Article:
Medicare Mailing May Confuse Recipients

The Social Security Administration has just begun mailing millions of letters to low-income people on Medicare. These are people who may qualify for financial help with a new prescription drug benefit. But some advocates for the elderly say the letters are more likely to confuse the recipients than to help them.

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The Social Security Administration has started mailing millions of letters to low-income people on Medicare. These are people who may qualify for financial help with a new prescription drug benefit. As NPR's Joanne Silberner reports, some advocates for the elderly say the letters are more likely to confuse the recipients than to help them.


The critics point to something that happened a year ago, the introduction of a drug discount card for Medicare recipients and people with low incomes could get their first $1,200 worth of prescription drugs over a two-year period paid for. When the benefit became available, Pia Scarfo went out and talked to people at senior centers around New York City to try to get people to sign up. She's with a service and advocacy group, the Medicare Rights Center.

Ms. PIA SCARFO (Medicare Rights Center): People before and after, we try to clarify; they were extremely confused.

SILBERNER: Some thought they were getting a money card with $1,200 on it. Others didn't understand they had to be enrolled in Medicare. Only about 25 percent of those eligible for the benefit enrolled.

Ms. SCARFO: They didn't sign up. It's all because they were confused, and all because they didn't know and the information they would have--receiving by mail was not clear.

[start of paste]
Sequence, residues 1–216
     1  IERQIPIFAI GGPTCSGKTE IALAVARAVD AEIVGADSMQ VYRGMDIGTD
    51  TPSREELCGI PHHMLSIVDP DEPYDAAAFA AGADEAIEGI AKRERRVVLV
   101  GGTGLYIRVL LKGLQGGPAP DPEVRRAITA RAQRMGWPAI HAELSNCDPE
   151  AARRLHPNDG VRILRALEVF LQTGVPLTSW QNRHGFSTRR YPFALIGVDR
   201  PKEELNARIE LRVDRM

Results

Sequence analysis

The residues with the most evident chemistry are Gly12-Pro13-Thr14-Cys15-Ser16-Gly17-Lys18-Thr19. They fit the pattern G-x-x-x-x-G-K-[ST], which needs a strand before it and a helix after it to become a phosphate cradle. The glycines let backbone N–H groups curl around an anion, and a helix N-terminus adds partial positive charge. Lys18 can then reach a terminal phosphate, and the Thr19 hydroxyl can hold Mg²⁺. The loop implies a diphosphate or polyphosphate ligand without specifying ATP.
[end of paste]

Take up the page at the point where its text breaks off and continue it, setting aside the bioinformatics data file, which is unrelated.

SILBERNER: Now Medicare's getting ready for the second phase of the program, and they're trying to get more people to sign on. In the second phase, Medicare recipients pay premiums to insurers who negotiate discounts for specific drugs. The drugs are nearly free for Medicare recipients who meet certain criteria, such as individuals with incomes below $14,000 a year. Medicare administrators are trying not to make the same mistakes. Mark McClellan is head of Medicare.

Mr. MARK McCLELLAN (Head, Medicare): This is a more comprehensive benefit and we have more time to prepare to implement it. So we're sending out this mailing more than six months before the actual benefit starts so that we've got more time to reach people and we're backing that up with lots of community and grass-roots events that for the drug card we didn't have time to do.

SILBERNER: And he says Medicare has designed a very simple application.

Mr. McCLELLAN: It's only four pages of questions in large type. There are a total of 16 questions and most people only have to answer 12. If you can't answer all of them, we encourage you to answer the ones that you can and send it in and then we'll help you over the phone with the rest of them. And there is no need to attach any extra information.

SILBERNER: But a test mailing has already caused some confusion. Pia Scarfo of the Medicare Rights Center says she had to help a man who got one of the pilot mailings who didn't know how to fill out the part about how much financial assistance he receives from family and friends. Robert Hayes, head of the Medicare Rights Center, says the forms are tough.

Mr. ROBERT HAYES (Head, Medicare Rights Center): Frankly, I have to read a number of these questions several times to understand them. And, you know, I went to a pretty decent college and a pretty decent law school.

SILBERNER: People may be confused that though they can apply now, the benefits don't start till January. And there's a part that may scare people off that says `Inaccuracies could lead to imprisonment.' But Medicare head McClellan says it can be done.

Mr. McCLELLAN: I'm optimistic that we're going to do better than previous government programs like Medicaid programs when they first started because we are taking all of these additional steps to reach this very hard-to-reach population.

SILBERNER: The program is being administered by private insurers, not the government, and in a few months people will have to select which insurance carrier to sign up with. Joanne Silberner, NPR News, Washington.

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